General Beauregard to the troops.
Commanding General is gratified to have to announce to the troops the following joint resolutions unanimously adopted by the Legislature of the State of South-Carolina: “Resolved, That the General Assembly reposes unbounded confidence in the ability and skill of the Commanding General of this department, and the courage and patriotism of his brave soldiers, with the blessing of God, to defend our beloved city and to beat back our vindictive foes.” “Resolved, That his Excellency the Governor be instructed to communicate this resolution to General Beauregard.” Soldiers! the eyes of your countrymen are now turned upon you on the eve of the second anniversary of the thirteenth of April, 1861, when the sovereignty of the State of South-Carolina was triumphantly vindicated within the harbor which we are now to defend. The happy issue of the action on the seventh instant--the stranded, riddled wreck of the iron-mailed Keokuk, her baffled coadjutors forced to retire behind the range of our guns, have inspired confidence in the country that our ultimate success will be complete. An inestimably precious charge has been confided to your keeping, with every reliance on your manhood and enduring patriotism. By command of
Mobile Register account.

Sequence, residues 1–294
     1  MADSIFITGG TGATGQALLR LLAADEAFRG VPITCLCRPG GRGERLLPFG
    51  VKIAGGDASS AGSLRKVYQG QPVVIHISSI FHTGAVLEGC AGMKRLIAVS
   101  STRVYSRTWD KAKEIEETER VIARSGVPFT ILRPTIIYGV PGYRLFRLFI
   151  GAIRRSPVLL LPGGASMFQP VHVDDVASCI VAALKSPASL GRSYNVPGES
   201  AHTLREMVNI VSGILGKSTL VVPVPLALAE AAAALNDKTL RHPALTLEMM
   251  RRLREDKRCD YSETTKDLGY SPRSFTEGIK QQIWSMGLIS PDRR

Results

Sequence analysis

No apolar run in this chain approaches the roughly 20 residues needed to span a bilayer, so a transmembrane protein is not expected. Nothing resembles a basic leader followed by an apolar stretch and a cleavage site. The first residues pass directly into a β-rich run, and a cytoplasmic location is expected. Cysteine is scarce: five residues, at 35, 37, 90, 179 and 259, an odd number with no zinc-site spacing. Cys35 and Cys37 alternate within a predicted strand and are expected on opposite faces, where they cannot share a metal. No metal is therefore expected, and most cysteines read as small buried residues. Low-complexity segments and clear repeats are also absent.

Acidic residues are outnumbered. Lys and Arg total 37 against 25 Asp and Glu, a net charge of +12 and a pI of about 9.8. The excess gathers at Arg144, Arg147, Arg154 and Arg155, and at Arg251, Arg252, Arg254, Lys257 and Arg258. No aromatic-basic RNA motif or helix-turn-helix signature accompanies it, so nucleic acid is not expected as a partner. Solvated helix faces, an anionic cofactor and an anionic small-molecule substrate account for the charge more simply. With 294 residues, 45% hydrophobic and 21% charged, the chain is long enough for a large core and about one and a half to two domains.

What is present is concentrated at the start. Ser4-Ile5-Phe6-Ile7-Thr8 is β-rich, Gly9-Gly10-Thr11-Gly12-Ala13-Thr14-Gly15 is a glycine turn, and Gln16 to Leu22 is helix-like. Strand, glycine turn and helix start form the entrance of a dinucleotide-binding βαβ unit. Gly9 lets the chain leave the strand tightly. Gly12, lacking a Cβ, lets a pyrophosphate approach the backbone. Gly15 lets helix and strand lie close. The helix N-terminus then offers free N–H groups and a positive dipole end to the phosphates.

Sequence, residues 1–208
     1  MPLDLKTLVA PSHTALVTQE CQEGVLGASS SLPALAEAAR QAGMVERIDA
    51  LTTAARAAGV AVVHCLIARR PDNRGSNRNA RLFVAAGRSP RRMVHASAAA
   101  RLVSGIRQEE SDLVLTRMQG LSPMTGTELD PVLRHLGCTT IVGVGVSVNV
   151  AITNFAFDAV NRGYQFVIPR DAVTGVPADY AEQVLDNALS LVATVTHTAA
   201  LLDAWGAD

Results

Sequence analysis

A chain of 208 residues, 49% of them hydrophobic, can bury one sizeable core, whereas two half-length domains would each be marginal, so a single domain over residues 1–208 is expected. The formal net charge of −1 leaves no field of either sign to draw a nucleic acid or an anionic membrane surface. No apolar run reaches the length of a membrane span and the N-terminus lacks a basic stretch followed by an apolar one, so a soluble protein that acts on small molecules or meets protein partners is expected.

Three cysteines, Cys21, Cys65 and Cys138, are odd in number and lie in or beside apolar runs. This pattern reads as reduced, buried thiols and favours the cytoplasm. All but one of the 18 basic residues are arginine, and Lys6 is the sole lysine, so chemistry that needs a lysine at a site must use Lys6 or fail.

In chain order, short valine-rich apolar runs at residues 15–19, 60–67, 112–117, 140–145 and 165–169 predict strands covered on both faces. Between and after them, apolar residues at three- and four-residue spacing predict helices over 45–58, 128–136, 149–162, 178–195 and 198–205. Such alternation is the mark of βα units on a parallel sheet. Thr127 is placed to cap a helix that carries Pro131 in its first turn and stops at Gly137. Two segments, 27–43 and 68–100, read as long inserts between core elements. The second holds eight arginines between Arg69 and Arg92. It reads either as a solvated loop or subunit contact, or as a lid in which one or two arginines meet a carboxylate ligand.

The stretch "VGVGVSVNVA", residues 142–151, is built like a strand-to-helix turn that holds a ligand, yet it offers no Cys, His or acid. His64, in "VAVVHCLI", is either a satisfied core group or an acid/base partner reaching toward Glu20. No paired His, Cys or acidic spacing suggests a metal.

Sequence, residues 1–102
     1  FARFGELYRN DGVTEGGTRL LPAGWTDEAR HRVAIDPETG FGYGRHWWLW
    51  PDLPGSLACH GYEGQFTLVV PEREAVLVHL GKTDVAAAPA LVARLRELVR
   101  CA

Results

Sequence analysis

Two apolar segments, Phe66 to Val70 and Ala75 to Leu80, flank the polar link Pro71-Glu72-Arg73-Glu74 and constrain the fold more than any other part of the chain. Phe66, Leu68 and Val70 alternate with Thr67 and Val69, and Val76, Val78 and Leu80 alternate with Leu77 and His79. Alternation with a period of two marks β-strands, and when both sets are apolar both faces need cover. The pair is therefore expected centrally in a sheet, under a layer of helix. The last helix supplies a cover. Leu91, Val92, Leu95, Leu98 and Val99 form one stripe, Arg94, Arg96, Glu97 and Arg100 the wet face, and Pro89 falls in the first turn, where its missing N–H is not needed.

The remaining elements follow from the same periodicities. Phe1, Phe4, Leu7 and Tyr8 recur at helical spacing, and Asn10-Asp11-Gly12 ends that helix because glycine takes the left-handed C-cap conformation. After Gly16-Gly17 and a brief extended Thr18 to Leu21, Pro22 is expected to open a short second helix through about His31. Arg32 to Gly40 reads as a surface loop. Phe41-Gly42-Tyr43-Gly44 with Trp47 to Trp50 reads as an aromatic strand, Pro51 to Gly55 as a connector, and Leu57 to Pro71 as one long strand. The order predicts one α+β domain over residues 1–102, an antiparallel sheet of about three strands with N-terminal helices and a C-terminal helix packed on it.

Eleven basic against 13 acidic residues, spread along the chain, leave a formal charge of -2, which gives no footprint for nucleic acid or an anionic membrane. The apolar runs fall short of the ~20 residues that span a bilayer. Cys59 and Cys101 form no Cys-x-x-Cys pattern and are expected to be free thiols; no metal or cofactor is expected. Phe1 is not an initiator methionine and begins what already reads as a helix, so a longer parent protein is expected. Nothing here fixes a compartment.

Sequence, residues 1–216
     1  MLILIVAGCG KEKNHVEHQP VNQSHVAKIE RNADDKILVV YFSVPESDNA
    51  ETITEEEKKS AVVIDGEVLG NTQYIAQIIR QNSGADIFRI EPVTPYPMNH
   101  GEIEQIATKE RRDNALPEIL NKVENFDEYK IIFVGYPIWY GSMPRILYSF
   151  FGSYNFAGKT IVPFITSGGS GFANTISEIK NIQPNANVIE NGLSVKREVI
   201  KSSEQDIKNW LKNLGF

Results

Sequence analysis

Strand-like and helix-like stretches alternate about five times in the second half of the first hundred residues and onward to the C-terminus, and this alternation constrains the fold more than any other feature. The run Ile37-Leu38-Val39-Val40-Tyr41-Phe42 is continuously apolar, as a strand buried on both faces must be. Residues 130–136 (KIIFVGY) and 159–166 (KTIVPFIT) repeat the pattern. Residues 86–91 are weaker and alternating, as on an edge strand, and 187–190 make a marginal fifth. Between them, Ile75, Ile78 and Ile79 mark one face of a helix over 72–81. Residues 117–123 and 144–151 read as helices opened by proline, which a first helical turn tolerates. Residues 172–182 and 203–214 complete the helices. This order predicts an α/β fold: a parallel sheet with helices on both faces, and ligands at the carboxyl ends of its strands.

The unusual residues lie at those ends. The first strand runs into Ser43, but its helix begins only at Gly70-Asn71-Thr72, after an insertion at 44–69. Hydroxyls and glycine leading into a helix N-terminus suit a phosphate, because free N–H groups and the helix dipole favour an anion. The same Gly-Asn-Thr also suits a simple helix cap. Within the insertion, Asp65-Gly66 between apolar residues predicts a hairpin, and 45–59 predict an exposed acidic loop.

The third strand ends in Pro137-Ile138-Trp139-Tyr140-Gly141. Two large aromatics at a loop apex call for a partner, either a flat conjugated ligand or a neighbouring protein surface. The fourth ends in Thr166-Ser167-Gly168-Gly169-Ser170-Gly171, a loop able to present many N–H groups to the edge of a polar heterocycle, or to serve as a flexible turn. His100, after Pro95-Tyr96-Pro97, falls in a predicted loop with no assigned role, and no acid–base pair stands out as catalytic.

Charleston, April 8.A visit to Fort Sumter to-day enables me to present to your readers a more correct account of the late engagement in front of Charleston than the one already sent to you, and which was prepared the night succeeding the attack, when but few of the facts had been definitely ascertained. In order to give a full understanding of the affair, it may be necessary to begin the narrative with the first appearance of the Federal armada in this vicinity. At half-past 10 o'clock, Sunday morning, the fifth instant, it was reported at Fort Sumter that twenty-seven vessels were visible just outside the bar, one of which was the Ironsides, and four were monitors or turreted iron-clads. On the morning of the sixteenth, (Monday,) as the fog lifted, it was discovered that the Ironsides, eight monitors, and a large number of other vessels were in sight, the Ironsides having already crossed the bar and come to anchor off Morris Island. An infantry force, variously estimated at from three thousand to six thousand, was landed on Coles's Island, off the mouth of Stono River, during Sunday night. But before proceeding further, it may be well to restate the names of the torts and batteries that participated in the fight. They are Fort Sumter in the harbor, Fort Wagner and Cumming's Point Battery on Morris Island, the first looking seaward, and the second across the harbor; and Fort Moultrie, Battery Bee, and Battery Beau-regard, on Sullivan's Island. Looking out to sea from Charleston, Morris Island is on the extreme right, and Sullivan's Island on the extreme left. After various changes of position, the whole iron-clad fleet advanced to the attack at two o'clock Tuesday afternoon, the seventh, in the following order: The first line consisted of four monitors, the Passaic supposed to be in the lead, with the so-called “Devil” (a nondescript machine for removing torpedoes) attached to her prow. The second line also consisted of four monitors, the double-turret Keokuk lying on the right. The Ironsides, with Admiral Du Pont on board, held position about equidistant between the two lines and near the centre. The wooden vessels outside moved closer in, and during the action remained silent spectators of the conflict. At half-past 2 o'clock the long-roll was beat in Sumter. The garrison answered promptly with a shout, and rushed immediately to battery. The garrison, palmetto, and regimental flags were now hoisted, and saluted by order of Col. Rhett with thirteen guns-thus announcing to the enemy, that though the Fort might be battered down, the confederate colors would be kept flying as long as a gun was left standing and there was a man to fire it. Admiral Du Pont had said that he would reduce the Fort in three hours, and this defiance was hurled in his teeth in answer to his unseemly boasts. About three o'clock the fight was opened by Fort Moultrie firing a shot. Three minutes later the barbette guns on the cast face of Sumter, commanded by Captain D. G. Fleming, were fired by battery, with a report that brought all Charleston to the promenade-battery and to the house-tops to witness the imposing spectacle. Two minutes later the Passaic returned the compliment with two guns fired almost simultaneously. The fight thus opened soon became general. The Passaic swept around in an elliptic course in front of the east face of the Fort, delivering her fire as she passed — the closest range into which she came being estimated at seven hundred yards. Her turret and hull were struck several times, and with damaging effect. After receiving the concentrated fire of the Fort for thirty minutes, she rounded off and fired but few shot afterward, and soon moved out of range. The three other vessels of the first line came up successively, and after remaining under fire about the same length of time, rounded off also at nearly the same point as the Passaic, and took but little part in the action afterward. The Passaic being armed with the nondescript machine for the removal of torpedoes supposed to have been sunk by the confederates, she was put forward and required to make the fiery passage first, whilst the other vessels followed as nearly in her track as possible. After passing round, they took up their positions at a distance of from one thousand one hundred to one thousand five hundred yards, where they kept up their fire until the whole fleet withdrew.